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Title: Increased expression of CD4(+)CD25(+)FOXP3(+) regulatory T cells correlates with Epstein-Barr virus and has no impact on survival in patients with classical Hodgkin lymphoma in Brazil
Authors: Assis, Mariane C. G. [UNIFESP]
Campos, Antonio H. F. M.
Oliveira, Jose S. R. [UNIFESP]
Soares, Fernando A.
Silva, Joyce M. K. [UNIFESP]
Silva, Priscilla Brito [UNIFESP]
Penna, Adriana D. [UNIFESP]
Souza, Eni M. [UNIFESP]
Baiocchi, Otavio Carvalho Guimarães [UNIFESP]
Universidade Federal de São Paulo (UNIFESP)
Hosp AC Camargo Fund Antonio Prudente
Keywords: Regulatory T cells
Epstein-Barr virus
Hodgkin lymphoma
Issue Date: 1-Dec-2012
Publisher: Humana Press Inc
Citation: Medical Oncology. Totowa: Humana Press Inc, v. 29, n. 5, p. 3614-3619, 2012.
Abstract: The tumor microenvironment of classical Hodgkin lymphoma (cHL) is clearly responsible for the maintenance of the malignant Hodgkin-Reed-Sternberg (HRS) cells, and Epstein-Barr virus (EBV) has been shown to play a role in this immune evasion. EBV can increase the migration of CD4(+)CD25(+)FOXP3(+) lymphocytes, named regulatory T cells (Tregs). in this study, we assessed the distribution and biological significance of Tregs in patients with cHL. Tissue microarrays were constructed using diagnostic biopsies available in 130 cHL patients and stained with CD4, CD8, CD25, and FOXP3 antibodies. for the present study, only cHL patients whose histology could be confirmed and EBV association established were studied. From the 130 cHL patients selected for this study, 56 were classified as EBV-related and 74 EBV non-related cHL. There were no association between clinical characteristics and the expression of Tregs. However, higher levels of Tregs correlated with EBV presence on HRS cells (p = 0.02), although it did not influence event-free survival (EFS) and overall survival (p = 0.98 and p = 0.59, respectively). This study demonstrates that Tregs expression correlates with EBV presence in HRS cells and has no impact on survival of patients with cHL. Further studies investigating the mechanisms in which EBV recruits Tregs to the tumor microenvironment will contribute not only to our understanding on the pathogenesis of cHL but also to the development of new therapeutic strategies.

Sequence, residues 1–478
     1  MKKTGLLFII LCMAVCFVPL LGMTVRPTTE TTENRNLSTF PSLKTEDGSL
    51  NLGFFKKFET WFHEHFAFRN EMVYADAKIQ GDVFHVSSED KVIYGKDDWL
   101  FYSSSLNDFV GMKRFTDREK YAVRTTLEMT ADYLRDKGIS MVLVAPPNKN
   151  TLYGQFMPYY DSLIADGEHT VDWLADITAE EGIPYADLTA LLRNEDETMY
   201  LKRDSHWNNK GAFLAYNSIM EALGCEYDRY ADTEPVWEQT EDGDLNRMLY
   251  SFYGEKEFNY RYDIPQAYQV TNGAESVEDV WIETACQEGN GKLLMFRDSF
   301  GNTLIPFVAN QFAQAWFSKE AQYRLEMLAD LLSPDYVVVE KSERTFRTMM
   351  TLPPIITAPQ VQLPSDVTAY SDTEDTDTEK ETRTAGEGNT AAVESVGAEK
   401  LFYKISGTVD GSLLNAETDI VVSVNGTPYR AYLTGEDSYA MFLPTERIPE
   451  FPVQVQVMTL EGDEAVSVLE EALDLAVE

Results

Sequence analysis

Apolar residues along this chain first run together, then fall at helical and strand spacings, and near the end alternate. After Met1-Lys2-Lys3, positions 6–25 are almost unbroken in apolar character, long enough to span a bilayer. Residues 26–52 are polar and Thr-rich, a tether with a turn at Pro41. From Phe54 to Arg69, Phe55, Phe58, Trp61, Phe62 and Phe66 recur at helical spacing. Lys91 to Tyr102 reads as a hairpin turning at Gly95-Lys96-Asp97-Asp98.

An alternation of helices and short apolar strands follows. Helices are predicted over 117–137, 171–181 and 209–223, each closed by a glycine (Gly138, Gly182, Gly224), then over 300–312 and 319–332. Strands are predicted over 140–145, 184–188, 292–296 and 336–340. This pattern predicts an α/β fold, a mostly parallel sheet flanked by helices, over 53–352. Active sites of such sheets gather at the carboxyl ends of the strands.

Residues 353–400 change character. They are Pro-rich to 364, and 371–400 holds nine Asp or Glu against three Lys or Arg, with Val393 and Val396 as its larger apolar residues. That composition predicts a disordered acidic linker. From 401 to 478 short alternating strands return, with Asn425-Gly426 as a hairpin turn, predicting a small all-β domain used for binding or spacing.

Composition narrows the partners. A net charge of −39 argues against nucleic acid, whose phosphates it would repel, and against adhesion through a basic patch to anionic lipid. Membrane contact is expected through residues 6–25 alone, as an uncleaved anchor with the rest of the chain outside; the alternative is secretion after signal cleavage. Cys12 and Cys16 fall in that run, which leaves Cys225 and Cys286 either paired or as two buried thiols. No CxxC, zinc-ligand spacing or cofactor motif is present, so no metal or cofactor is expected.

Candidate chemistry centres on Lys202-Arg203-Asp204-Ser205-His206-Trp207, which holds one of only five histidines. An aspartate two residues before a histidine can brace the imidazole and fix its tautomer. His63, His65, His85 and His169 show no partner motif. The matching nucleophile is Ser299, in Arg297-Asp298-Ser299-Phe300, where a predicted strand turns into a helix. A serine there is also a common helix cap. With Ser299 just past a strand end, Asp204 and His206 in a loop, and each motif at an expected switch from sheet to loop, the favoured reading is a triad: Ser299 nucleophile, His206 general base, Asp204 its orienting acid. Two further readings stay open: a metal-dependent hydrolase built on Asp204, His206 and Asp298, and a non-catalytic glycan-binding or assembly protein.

ISSN: 1357-0560
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